It’s hard to name just one interesting story in a 20-year career. The funniest thing that happened in 2020 was that I was interviewed by The Wall Street Journal and featured on the front page for gaining weight during COVID-19. Guess I did a little bit too much baking therapy during lockdown and overindulged on too many homemade cinnamon rolls. It was fun experiencing the outpouring of chuckles from family, friends, clients and others who texted screenshots of the article. Over the years, I’ve had the privilege to advocate on Capitol Hill with NFL players, pitch media for a presidential candidate, promote major motion pictures, and become close friends with some of the most committed social impact leaders in the world. I’m incredibly blessed to have a tremendous network; those people and relationships are what I value most. It’s been an amazing journey so far.

Can you share a story about the funniest mistake you made when you were first starting? Can you tell us what lesson you learned from that?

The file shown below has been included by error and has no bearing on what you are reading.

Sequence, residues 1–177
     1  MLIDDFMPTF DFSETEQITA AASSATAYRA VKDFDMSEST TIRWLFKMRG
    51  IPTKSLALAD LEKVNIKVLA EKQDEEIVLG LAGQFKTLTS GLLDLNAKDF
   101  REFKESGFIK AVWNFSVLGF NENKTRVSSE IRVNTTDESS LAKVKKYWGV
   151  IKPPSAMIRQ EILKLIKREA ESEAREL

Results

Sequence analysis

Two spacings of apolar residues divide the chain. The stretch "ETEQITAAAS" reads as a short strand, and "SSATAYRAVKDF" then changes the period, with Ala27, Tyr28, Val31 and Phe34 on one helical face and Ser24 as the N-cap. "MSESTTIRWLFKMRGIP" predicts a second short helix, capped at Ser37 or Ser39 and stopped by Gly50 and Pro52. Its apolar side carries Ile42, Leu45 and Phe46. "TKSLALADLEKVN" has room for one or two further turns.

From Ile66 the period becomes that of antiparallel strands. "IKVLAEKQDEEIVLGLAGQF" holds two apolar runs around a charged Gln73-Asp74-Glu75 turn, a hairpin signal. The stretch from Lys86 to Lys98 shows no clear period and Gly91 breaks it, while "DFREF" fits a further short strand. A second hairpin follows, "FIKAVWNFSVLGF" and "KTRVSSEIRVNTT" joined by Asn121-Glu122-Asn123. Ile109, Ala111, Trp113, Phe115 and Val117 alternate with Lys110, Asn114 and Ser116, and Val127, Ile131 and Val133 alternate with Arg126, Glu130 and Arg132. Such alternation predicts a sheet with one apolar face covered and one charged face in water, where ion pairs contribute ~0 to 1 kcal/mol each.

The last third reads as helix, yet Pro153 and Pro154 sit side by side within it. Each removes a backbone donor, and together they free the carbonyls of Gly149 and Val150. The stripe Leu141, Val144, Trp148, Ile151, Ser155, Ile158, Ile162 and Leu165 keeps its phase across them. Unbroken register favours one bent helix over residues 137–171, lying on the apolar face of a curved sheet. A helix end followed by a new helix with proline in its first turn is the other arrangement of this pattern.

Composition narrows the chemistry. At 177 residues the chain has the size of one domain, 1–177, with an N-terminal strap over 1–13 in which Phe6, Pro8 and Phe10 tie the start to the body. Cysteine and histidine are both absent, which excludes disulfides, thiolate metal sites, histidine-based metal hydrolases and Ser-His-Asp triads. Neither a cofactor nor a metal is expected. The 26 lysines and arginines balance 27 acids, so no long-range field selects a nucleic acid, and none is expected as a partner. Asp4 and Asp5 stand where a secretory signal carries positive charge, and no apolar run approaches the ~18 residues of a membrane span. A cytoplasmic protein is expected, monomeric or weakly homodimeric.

It wasn’t necessarily funny, but while working as a copywriter at an ad agency early in my career, I remember arguing back and forth via email with our most important client. The ad agency owner had to sit me down and explain that it doesn’t matter if I’m right, it’s more important to maintain the relationship. That was a powerful life lesson. I’ve focused my life on building relationships for the long-term and that’s paid off.

What advice would you give to other CEOs and business leaders to help their employees to thrive and avoid burnout?